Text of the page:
NonProfit Innovations Making A Collaborative Philanthropic Impact in Our Region

Conversation

In Conversation with Stacy R. Corley, President of Sarasota Memorial Healthcare Foundation, Joy Mahler, President and CEO of Big Brothers Big Sisters of the Suncoast, Bill Sadlo, President and CEO of Boys and Girls Clubs of Sarasota and Desoto Counties and Dr. Kristie Skoglund, Chief Executive Officer of The Florida Center for Early Childhood on nonprofit innovation.

What does your organization do that might surprise people?

SKOGLUND: What we hear often when we invite people to our main campus in Sarasota for a tour is, “We didn’t realize how much you do. We didn’t realize how large you are.” We have 150 employees. In one of our programs, we serve the entire state, and we’re in five counties. When folks hear about the Center for Early Childhood, they may think about our pre- school. We have a preschool on our campuses. Our main school is in Sarasota, and we have a North Port campus that has children who have diagnosed develop- mental delays or disabilities who attend our preschools. They may know us for that–our Starfish Academy. But maybe they didn’t realize that we work with kids in the court system, the early child- hood court we do. People also hear about our fetal alcohol program. That is our diagnostic evaluation and parent support program for children prenatally exposed to drugs and alcohol but they often don’t realize that we are serving families from all over the state with satellite locations.

CORLEY: SMH is the largest employer in Sarasota County. But I think people assume their taxes pay for everything and that there’s no fundraising or donor support needed, and that really couldn’t be farther from the truth. It’s a very small percentage of what hap- pens. Certainly, there are medical things that are reimbursable through insurance or Medicare, Medicaid, those kinds of things. But providing care for uninsured, underinsured, and indigent patients as well as advancing medical equipment are things that our foundation does, as well as adding on clinical research. A lot of times, people think the hospital system must not need the money. We are not fundraising necessarily for buildings. We’re fundraising for what happens inside the buildings and the pro- grams that are on top of standard things you’d find at most hospitals.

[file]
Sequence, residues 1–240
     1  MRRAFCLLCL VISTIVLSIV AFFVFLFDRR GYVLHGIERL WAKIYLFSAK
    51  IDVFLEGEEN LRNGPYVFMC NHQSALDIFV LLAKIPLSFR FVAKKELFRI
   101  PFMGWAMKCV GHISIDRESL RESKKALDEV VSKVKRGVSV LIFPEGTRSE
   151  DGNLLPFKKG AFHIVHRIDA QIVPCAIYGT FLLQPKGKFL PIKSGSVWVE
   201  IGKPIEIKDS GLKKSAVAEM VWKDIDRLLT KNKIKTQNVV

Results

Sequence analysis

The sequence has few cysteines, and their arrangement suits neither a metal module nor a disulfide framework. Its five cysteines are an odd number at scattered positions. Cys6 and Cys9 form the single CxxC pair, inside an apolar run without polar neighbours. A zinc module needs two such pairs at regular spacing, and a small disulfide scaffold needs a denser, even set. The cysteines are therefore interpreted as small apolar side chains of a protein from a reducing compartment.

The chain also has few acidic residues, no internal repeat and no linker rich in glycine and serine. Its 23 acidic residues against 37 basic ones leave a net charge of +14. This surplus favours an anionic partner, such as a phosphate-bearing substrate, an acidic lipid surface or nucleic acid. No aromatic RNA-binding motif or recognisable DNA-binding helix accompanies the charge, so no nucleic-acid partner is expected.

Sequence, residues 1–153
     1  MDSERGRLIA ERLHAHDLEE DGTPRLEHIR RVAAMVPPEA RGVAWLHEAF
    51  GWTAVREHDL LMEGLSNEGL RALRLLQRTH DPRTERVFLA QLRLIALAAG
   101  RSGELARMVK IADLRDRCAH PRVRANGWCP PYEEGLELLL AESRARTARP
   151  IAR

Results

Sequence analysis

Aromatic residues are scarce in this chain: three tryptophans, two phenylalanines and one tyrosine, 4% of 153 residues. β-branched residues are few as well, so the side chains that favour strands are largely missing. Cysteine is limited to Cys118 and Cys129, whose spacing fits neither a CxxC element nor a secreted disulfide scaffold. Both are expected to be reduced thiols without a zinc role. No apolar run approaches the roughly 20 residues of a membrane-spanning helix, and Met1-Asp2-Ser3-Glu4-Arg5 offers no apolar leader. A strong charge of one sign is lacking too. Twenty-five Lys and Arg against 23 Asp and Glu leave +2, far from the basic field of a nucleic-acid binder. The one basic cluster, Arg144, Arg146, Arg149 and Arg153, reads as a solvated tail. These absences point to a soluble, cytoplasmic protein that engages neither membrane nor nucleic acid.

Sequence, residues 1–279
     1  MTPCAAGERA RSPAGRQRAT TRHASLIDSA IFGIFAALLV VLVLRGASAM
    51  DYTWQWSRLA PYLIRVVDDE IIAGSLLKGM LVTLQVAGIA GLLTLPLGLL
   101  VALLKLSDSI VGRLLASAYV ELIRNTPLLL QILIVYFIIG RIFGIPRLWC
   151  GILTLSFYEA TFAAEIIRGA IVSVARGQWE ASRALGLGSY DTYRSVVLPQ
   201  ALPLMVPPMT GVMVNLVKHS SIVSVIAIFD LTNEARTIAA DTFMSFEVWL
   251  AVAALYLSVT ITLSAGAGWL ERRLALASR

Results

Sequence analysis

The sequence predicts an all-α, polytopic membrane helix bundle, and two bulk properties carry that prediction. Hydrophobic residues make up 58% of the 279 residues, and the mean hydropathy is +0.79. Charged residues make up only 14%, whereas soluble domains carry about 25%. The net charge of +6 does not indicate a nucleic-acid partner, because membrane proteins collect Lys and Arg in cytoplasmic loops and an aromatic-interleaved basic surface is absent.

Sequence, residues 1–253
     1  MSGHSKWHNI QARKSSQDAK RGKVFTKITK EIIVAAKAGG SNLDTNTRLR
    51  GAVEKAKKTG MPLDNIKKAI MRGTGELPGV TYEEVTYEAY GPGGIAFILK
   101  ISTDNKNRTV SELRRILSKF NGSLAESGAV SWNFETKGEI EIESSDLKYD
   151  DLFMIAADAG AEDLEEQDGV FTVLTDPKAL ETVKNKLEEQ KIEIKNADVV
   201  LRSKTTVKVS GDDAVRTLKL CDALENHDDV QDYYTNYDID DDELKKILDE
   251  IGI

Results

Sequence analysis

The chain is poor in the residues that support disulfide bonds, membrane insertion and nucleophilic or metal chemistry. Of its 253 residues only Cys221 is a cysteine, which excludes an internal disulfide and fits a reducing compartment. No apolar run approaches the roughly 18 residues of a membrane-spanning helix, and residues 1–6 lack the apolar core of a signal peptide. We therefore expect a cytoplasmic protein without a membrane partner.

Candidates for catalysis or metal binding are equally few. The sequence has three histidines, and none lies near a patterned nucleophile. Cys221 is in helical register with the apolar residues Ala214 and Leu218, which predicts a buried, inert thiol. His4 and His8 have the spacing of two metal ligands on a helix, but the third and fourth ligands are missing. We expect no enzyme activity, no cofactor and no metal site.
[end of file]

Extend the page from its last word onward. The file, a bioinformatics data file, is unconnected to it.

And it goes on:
SADLO: People would be surprised to hear some of the things that our teams are doing, whether it be through our Perlman Price Young Entrepreneur program, where youth are learning about business models, getting funding–Shark Tank style–starting their own businesses. We have youth running nonprofit busi- nesses and for-profit businesses right now through this program and also youth serving on boards throughout the county, both in government boards and nonprofit boards through our STAR Leadership program where they get 60 hours of training, learn about civic engagement and leadership, and then at the end they can serve as a full voting member on nonprofit board.

MAHLER: When we started over a hundred years ago, it was all about connecting children with a mentor and that’s about as far as it went. That’s probably what most people think we do. But what we have found is we have a wonderful opportunity to get to know the needs of the families and children. There are educational needs focused on the individual needs of the youth and their families. It’s work-force opportunity, giving them beyond school walls, getting more involved with education which we know is a major pillar in the life of our youth. If they don’t graduate high school, they’re just really a step behind in success. We work with them in more of a 360 model than when we first started out and what we found is it came from our volunteers saying, “Look, we need more help with this. Do you have more resources to help us with that?” So as they’ve become more involved with the youth, whether it is reading in education, whether it is high school graduation, or it’s workforce development, we’ve found that we’ve become more involved with their success and what’s actually going to help them be successful in life.

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